4 Min Read
* Cobalt prices rebound off lows, weaker H2 seen
* Madagascar's Ambatovy shipment delay seen as temporary
* Large stocks of cobalt feed accumulate in China
By Harpreet Bhal
LONDON, Feb 26 (Reuters) - A surge in supply is likely to put cobalt prices under pressure in the second half of this year, wiping out recent gains in the minor metal used in rechargeable batteries, traders said.
Prices for cobalt hit a low late last year as producers liquidated stock ahead of the holidays, but they have since begun to rally due to delayed shipments from Madagascar's Ambatovy mine and a pick-up in buying activity in the new year.
The bottleneck affecting Ambatovy is seen as part of temporary teething troubles and traders expect a surge in supply to push prices lower by the second half of the year.
Ambatovy, a nickel and cobalt project operated by Toronto's Sherritt International began cobalt shipments late last year and expects to produce 5,600 tonnes of refined cobalt per annum, the company said on its website. This will make it one of the world's largest cobalt operations.
This project, along with the opening of Highland Pacific's Ramu nickel/cobalt operation in Papua New Guinea and a ramp-up in supply from Freeport-McMoRan Copper & Gold's Tenke Fungurume in the Democratic Republic of Congo is expected to keep cobalt prices weak in coming months.
"We expect by the second half of the year to see a surge in supply. Producers will have plenty of material come April/May to push prices lower," a London-based cobalt trader said.
"I would imagine that come summer there is a good chance that cobalt might be down in the $9-$10 bracket again."
Prices of high grade cobalt hit a low of around $10 a lb in late November, rising by roughly 20 percent to around $12 a lb last week.
As a by-product of copper and nickel mining, cobalt supplies are set to increase as long as the two metals remains profitable for miners.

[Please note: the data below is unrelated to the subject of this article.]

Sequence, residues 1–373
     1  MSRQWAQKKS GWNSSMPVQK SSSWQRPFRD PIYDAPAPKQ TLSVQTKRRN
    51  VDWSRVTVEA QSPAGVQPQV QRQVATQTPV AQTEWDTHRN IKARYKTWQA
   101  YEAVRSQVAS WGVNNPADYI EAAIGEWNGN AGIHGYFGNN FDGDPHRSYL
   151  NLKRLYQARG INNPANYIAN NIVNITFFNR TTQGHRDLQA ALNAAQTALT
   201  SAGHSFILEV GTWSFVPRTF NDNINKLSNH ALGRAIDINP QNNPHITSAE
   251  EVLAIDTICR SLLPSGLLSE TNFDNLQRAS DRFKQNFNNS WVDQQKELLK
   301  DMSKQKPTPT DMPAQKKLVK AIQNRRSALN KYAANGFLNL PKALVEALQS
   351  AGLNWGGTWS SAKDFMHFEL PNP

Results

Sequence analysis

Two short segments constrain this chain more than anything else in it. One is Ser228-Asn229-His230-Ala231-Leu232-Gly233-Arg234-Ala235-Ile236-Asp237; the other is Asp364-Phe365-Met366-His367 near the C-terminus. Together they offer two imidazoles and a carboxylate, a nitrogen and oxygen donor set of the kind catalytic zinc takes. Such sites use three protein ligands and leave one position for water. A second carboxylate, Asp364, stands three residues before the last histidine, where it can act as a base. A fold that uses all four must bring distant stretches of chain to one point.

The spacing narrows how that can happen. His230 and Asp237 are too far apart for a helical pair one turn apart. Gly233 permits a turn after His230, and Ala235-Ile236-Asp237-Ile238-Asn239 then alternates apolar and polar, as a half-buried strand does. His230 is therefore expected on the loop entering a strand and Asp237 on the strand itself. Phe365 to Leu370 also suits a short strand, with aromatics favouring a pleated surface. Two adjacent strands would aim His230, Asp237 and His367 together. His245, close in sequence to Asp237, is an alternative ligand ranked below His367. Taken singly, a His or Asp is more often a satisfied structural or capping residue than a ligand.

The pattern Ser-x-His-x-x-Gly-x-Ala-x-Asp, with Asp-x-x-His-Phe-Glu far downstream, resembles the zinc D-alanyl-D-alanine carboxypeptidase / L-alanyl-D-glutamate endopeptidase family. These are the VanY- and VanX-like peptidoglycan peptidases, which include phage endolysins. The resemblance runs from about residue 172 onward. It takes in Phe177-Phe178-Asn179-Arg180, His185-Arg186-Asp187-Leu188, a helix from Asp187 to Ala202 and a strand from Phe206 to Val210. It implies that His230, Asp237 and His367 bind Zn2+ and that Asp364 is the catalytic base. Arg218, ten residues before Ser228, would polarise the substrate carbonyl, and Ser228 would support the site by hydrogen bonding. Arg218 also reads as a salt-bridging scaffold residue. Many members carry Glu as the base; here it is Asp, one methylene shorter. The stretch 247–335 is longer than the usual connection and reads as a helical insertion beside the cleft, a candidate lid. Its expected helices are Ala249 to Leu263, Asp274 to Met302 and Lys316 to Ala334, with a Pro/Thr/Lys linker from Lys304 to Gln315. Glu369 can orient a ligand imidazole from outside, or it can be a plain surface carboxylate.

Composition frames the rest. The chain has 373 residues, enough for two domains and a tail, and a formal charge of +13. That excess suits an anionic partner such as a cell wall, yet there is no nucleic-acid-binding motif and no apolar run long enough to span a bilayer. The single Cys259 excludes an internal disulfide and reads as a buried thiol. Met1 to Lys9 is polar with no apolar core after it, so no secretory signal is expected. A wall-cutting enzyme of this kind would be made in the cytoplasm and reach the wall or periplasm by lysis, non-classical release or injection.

"The producers are ramping up copper production and cobalt comes along for the ride" the trader said.
"If cobalt got to $6 a lb, they would scratch their heads and decide whether they should do something different. But when they're still getting a revenue of $10 or $12 a lb, it is still worth having."
World cobalt mine production in 2012 was an estimated 110,000 tonnes, according to the U.S. Geological Survey, which sees a continuing trend of higher production in the near-term due to mine expansion.
"In recent years, global cobalt production has been higher than consumption, resulting in a market surplus and downward pressure on prices," the U.S. Geological Survey said.
Traders said that over years China has accumulated large stocks of cobalt feed, meaning it is unlikely to start importing large quantities of the metal in the near-term.
China is the world's largest producer of refined cobalt, through imports of feed and concentrates from sources including the Democratic Republic of Congo.
"It depends on the price but at the moment it does not look lucrative for them to keep buying," another trader said.
"Some companies (in China) have curtailed production due to the fact that buying concentrates at $10 and reselling metal at $12 doesn't make any commercial sense. So their business model has evaporated."
China's cobalt ore and concentrate imports dropped by 5.61 percent in January from a year earlier, official data showed this week.